Bates offers a wide-ranging study into the formation of community identities amongst South Asians overseas. While recognising, as so many others, the place of the colonial and postcolonial states in the formation of these supposedly primordial identities, he shows how subalterns themselves used and manipulated the rhetoric of community within the daily reality of economic and political competition. He supports this with examples of migrant South Asian communities, whose primary identity is different from the identity assumed in the country of origin. For example in Mauritius idioms of communalism have been legally and politically repressed, but community identities are expressed in consumer choices. As evidence of creativity and agency the paper demonstrates how migrant communities are often associated by region and the particular history and method of their immigration rather than by caste as it is understood in the Indian subcontinent. In Sri Lanka while Sinhalese nationalists and British anthropologists tried to establish religious identities, class and ethnicity became more prominent with anti-immigrant rioting and then legislation in the 1920s and 1930s. Mohajirs – or Hyderabadi migrants – were an economically and educationally successful group in the new Pakistan, but suffered particularly after 1970 when the state became associated more with territory than ideology. A lack of political protection and opportunities has led to a rejection in many cases of the Mohajir identity and attempted assimilation into other ethnic groups. Within both the USA and UK there are extensive South Asian migrant groups, which are split internally on grounds of community, as often based upon language or region as upon grounds of religion. While there is the beginning of a pan-South Asian identity among migrants in the UK, particularly in a shared popular culture, the multiple identities whose importance vary according to space and time make this very difficult. Yet, while subaltern agency in negotiating the differing political and economic factors is most evident, the impact of colonial policies segregating and enforcing the boundaries of caste, class, race and religion can never be underestimated and in many instances exercise a powerful and continuing legacy.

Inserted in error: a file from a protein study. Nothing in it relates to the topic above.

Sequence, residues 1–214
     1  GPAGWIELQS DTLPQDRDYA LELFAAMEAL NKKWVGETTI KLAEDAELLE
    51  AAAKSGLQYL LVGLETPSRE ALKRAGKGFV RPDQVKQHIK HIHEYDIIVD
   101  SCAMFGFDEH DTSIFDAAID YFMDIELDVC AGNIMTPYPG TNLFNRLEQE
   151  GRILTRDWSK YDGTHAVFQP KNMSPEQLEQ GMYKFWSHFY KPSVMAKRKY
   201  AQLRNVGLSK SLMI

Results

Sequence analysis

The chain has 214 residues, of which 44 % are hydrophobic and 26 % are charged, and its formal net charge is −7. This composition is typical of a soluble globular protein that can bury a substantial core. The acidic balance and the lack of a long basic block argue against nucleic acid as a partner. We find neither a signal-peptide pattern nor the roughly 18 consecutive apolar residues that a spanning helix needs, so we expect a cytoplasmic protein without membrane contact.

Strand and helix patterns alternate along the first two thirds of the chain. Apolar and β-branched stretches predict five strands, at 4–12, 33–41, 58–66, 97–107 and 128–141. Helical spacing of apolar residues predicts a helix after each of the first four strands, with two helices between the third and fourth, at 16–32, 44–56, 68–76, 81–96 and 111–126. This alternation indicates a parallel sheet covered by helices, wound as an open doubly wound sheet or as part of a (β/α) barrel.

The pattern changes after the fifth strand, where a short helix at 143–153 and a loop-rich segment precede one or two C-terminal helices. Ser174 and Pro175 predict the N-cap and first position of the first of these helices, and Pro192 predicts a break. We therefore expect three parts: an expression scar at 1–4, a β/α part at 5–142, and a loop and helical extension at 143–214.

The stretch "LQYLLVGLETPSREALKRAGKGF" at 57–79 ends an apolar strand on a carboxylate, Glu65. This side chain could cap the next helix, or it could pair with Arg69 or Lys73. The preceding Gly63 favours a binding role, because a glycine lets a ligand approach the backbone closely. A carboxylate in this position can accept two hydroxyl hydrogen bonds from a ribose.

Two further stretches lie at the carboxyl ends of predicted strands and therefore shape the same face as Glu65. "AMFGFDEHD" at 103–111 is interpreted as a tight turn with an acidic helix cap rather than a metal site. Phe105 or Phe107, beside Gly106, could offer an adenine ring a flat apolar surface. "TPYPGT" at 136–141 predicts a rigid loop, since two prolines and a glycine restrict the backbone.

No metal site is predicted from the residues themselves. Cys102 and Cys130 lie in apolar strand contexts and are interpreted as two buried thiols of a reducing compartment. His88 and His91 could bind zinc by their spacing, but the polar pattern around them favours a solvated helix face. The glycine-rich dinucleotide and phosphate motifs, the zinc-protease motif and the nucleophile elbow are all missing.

|Title of host publication||The Politics of Citizenship, Identity and the State in South Asia|
|Editors||Harihar Bhattacharyya, Anja Kluge, Lion Koenig|
|Place of Publication||New Delhi|
|Number of pages||17|
|Publication status||Published - 2012|